Lyon is a closely held Arkansas corporation engaged in the distribution of home furnishings, primarily Whirlpool and RCA electrical products. Worthen, in 1965, was an Arkansas-chartered bank and a member of the Federal Reserve System. Frank Lyon was Lyon's majority shareholder and board chairman; he also served on Worthen's board. Worthen at that time began to plan the construction of a multistory bank and office building to replace its existing facility in Little Rock. About the same time, Worthen's competitor, Union National Bank of Little Rock, also began to plan a new bank and office building. Adjacent sites on Capitol Avenue, separated only by Spring Street, were acquired by the two banks. It became a matter of competition, for both banking business and tenants, and prestige as to which bank would start and complete its building first.
Worthen initially hoped to finance, to build, and to own the proposed facility at a total cost of $9 million for the site, building, and adjoining parking deck. This was to be accomplished by selling $4 million in debentures and using the proceeds in the acquisition of the capital stock of a wholly owned real estate subsidiary. This subsidiary would have formal title, and would raise the remaining $5 million by a conventional mortgage loan on the new premises. Worthen's plan, however, had to be abandoned for two significant reasons:
1. As a bank chartered under Arkansas law, Worthen legally could not pay more interest on any debentures it might issue than that then specified by Arkansas law. But the proposed obligations would not be marketable at that rate.
2. Applicable statutes or regulations of the Arkansas State Bank Department and the Federal Reserve System required Worthen, as a state bank subject to their supervision, to obtain prior permission for the investment in banking premises of any amount (including that placed in a real estate subsidiary) in excess of the bank's capital stock or of 40% of its capital stock and surplus.1 See Ark.Stat.Ann. § 67-547.1 (Supp. 1977); 12 U.S.C. § 371d (1976 ed.); 12 CFR [98 S.Ct. 1294] § 265.2(f)(7) (1977). Worthen, accordingly, was advised by staff employees of the Federal Reserve System that they would not recommend approval of the plan by the System's Board of Governors.
Worthen therefore was forced to seek an alternative solution that would provide it with the use of the building, satisfy the state and federal regulators, and attract the necessary capital. In September, 1967, it proposed a sale and lease-back arrangement. The State Bank Department and the Federal Reserve System approved this approach, but the Department required that Worthen possess an option to purchase the leased property at the end of the 15th year of the lease at a set price, and the federal regulator required that the building be owned by an independent third party.
Detailed negotiations ensued with investors that had indicated interest, namely, Goldman, Sachs & Company; White, Weld & Co.; Eastman Dillon, Union Securities & Company; and Stephens, Inc. Certain of these firms made specific proposals.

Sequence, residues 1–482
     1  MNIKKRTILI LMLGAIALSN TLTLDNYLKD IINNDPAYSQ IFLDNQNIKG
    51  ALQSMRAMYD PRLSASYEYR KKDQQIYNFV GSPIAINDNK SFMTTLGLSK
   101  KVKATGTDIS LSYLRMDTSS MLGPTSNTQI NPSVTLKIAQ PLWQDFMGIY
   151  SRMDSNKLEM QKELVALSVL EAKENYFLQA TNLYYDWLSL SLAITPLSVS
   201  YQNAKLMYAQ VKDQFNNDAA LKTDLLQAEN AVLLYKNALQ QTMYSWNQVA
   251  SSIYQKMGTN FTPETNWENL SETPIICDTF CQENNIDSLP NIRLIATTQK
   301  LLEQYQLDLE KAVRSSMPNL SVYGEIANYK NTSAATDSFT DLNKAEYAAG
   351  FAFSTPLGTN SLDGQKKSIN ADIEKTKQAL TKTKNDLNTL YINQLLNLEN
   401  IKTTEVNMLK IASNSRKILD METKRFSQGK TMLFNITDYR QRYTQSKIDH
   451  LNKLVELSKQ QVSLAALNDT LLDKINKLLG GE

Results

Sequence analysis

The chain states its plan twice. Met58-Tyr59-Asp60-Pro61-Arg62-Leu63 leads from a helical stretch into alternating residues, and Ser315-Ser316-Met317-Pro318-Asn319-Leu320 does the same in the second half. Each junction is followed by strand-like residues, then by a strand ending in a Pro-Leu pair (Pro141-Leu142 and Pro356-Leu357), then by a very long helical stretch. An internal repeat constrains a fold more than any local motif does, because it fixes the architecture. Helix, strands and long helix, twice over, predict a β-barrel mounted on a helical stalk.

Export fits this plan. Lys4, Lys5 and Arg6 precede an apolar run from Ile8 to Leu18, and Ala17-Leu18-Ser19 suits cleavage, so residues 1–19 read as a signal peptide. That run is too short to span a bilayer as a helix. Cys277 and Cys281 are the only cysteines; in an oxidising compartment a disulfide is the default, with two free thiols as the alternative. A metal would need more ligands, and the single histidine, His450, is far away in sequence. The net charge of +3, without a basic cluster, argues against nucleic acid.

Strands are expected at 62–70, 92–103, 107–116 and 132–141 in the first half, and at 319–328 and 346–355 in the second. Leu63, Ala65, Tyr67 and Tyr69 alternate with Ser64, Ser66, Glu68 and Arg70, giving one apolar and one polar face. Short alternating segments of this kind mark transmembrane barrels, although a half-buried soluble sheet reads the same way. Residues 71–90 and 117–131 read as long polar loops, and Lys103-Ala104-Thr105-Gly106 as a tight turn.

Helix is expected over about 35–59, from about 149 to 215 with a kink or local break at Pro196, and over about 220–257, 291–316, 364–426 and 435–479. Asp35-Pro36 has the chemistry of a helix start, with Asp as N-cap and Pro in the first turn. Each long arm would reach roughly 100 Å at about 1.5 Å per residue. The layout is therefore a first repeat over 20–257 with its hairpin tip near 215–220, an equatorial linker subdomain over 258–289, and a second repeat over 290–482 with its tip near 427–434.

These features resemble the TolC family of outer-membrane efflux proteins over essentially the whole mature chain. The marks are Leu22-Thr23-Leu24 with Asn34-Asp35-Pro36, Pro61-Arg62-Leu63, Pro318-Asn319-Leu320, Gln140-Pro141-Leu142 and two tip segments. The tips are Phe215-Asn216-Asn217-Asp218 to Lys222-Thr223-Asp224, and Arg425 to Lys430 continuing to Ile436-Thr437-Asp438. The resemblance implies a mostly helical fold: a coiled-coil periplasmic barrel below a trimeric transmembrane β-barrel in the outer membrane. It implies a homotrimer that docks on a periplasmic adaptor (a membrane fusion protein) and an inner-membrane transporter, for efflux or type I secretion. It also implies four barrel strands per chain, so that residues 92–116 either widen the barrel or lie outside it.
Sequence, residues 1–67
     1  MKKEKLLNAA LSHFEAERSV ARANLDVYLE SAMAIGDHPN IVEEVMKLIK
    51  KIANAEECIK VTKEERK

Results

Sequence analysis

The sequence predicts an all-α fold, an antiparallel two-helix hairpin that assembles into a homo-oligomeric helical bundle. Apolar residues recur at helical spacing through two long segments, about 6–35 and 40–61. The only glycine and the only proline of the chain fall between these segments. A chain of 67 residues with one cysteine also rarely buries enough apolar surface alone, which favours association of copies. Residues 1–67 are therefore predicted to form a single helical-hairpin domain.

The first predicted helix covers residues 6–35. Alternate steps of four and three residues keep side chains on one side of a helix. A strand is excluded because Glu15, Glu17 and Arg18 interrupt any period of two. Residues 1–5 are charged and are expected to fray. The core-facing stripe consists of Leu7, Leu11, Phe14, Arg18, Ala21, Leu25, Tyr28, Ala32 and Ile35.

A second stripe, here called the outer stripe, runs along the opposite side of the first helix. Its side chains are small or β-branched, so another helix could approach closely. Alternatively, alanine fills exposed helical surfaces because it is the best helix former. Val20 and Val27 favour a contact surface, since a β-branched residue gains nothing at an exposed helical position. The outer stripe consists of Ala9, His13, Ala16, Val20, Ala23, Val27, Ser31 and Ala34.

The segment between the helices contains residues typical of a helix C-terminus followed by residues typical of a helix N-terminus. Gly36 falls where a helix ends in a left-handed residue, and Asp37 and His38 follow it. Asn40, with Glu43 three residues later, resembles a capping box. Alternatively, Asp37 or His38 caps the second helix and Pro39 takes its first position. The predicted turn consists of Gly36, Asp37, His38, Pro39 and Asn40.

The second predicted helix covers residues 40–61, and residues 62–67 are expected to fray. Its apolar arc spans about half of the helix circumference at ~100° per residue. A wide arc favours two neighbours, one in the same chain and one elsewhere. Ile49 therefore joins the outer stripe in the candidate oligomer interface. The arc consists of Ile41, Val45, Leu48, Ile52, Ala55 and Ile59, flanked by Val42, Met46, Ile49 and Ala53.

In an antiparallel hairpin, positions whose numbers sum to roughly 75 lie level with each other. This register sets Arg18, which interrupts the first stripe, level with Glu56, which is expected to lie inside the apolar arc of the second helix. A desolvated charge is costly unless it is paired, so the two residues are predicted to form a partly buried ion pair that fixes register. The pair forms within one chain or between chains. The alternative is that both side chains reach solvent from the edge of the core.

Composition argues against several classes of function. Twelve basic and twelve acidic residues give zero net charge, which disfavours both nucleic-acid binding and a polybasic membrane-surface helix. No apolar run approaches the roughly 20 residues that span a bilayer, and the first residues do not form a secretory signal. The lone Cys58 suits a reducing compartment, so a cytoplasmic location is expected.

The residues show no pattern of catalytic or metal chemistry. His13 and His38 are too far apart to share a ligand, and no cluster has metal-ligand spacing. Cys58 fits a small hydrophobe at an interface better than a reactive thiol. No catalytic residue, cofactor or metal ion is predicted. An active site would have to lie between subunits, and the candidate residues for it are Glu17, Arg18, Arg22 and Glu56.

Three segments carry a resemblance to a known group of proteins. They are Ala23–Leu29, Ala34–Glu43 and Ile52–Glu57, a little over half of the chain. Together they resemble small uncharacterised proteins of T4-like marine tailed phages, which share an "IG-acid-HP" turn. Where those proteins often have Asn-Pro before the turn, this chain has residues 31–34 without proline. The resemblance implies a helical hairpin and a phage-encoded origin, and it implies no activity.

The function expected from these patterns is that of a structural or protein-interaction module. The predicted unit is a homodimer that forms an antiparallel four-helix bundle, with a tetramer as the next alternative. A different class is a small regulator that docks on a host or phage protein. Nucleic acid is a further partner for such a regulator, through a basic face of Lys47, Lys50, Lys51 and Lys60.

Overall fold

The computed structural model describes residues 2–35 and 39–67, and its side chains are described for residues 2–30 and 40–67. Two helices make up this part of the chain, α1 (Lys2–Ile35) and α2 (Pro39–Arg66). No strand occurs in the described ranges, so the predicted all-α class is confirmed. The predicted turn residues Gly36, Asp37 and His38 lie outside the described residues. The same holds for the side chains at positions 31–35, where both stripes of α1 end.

Worthen then obtained a commitment from New York Life Insurance Company to provide $7,140,000 in permanent mortgage financing on the building, conditioned upon its approval of the titleholder. At this point, Lyon entered the negotiations, and it, too, made a proposal.
Worthen submitted a counterproposal that incorporated the best features, from its point of view, of the several offers. Lyon accepted the counterproposal, suggesting, by way of further inducement, a $21,000 reduction in the annual rent for the first five years of the building lease. Worthen selected Lyon as the investor. After further negotiations, resulting in the elimination of that rent reduction (offset, however, by higher interest Lyon was to pay Worthen on a subsequent unrelated loan), Lyon, in November, 1967, was approved as an acceptable borrower by First National City Bank for the construction financing, and by New York Life, as the permanent lender. In April, 1968, the approvals of the state and federal regulators were received.
In the meantime, on September 15, before Lyon was selected, Worthen itself began construction.
In May, 1968, Worthen, Lyon, City Bank, and New York Life executed complementary and interlocking agreements under which the building was sold by Worthen to Lyon as it was constructed, and Worthen leased the completed building back from Lyon.
1. Agreements between Worthen and Lyon. Worthen and Lyon executed a ground lease, a sales agreement, and a building lease.
Under the ground lease dated May 1, 1968, App. 366, Worthen leased the site to Lyon for 76 years and 7 months through November 30, 2044. The first 19 months were the estimated construction period. The ground rents payable by Lyon to Worthen were $50 for the first 26 years and 7 months, and thereafter in quarterly payments:
12/1/94 through 11/30/99 (5 years) -- $100,000 annually
12/1/99 through 11/30/04 (5 years) -- $150,000 annually
12/1/04 through 11/30/09 (5 years) -- $200,000 annually
12/1/09 through 11/30/34 (25 years) -- $250,000 annually
12/1/34 through 11/30/44 (10 years) -- $10,000 annually.
Under the sales agreement dated May 19, 1968, id....
To continue readingFREE SIGN UP